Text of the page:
Google’s robot just got its driver’s license.
On Tuesday, the federal agency that sets road rules — the National Highway Traffic Safety Administration — released a letter to the Internet giant that supports its interpretation of a driverless system as legally adequate for roadways, a key victory for the critical initiative within Alphabet, Google’s parent company.
Previously, the NHTSA only considered humans as drivers under law, because that’s how cars worked until Google came along. Now the agency has said it will consider Google’s self-driving system a driver, too.
The letter came in response to a November petition from Chris Urmson, the director of Google’s self-driving car project. Urmson argued that regulators should treat Google’s homemade cars, built without a steering wheel and brakes, on par with human drivers. It has been a persistent sticking point for the Google unit, particularly after California issued draft autonomous vehicle rules expressly prohibiting driverless cars.
Ensuring that its driverless fleet has regulatory approval to get on the roads is critical to Google’s car strategy.
The NHTSA letter isn’t a ruling; it’s a clarification about how the agency will interpret the law in the future. You can read the full thing here (warning: It’s a mess), but the key part is below:
As a foundational starting point for the interpretations below, NHTSA will interpret driver in the context of Google’s described motor vehicle design as referring to the SDS, and not to any of the vehicle occupants. We agree with Google its SDV will not have a driver in the traditional sense that vehicles have had drivers during the last more than one hundred years. The trend toward computer-driven vehicles began with such features as antilock brakes, electronic stability control, and air bags, continuing today with automatic emergency braking, forward crash warning, and lane departure warnings, and continuing on toward vehicles with Google’s SDV and potentially beyond. … If no human occupant of the vehicle can actually drive the vehicle, it is more reasonable to identify the driver as whatever (as opposed to whoever) is doing the driving. In this instance, an item of motor vehicle equipment, the SDS, is actually driving the vehicle.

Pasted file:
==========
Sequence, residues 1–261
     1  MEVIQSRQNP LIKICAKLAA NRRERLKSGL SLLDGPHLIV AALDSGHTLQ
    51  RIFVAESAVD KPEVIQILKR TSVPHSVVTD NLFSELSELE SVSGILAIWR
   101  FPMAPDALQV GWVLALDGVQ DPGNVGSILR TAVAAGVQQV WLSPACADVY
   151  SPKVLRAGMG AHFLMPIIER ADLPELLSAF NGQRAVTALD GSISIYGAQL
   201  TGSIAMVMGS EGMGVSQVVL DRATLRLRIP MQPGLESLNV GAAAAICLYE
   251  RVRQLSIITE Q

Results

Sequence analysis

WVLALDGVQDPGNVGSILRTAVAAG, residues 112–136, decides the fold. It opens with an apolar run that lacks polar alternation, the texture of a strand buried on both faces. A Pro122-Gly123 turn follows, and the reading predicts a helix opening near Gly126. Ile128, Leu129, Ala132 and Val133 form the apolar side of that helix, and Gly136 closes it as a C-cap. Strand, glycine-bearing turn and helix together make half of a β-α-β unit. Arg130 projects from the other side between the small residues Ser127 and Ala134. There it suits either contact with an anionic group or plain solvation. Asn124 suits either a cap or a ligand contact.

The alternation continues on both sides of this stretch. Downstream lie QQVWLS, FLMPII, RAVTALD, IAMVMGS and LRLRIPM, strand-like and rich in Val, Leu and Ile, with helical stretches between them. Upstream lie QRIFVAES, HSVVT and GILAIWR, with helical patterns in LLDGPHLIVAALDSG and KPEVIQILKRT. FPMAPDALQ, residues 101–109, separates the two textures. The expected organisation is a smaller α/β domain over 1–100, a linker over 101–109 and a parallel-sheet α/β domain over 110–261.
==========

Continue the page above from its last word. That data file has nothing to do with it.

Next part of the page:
Last month, Secretary of Transportation Anthony Foxx, who oversees the NHTSA, announced that his department would develop self-driving guidelines by June. Those guidelines would also agree with Google’s interpretation of driverless vehicles.
In 2012, Google hired Ron Medford, the NHTSA deputy director, to be the director of safety for its self-driving car program, an early signal of its ambition.
This article originally appeared on Recode.net.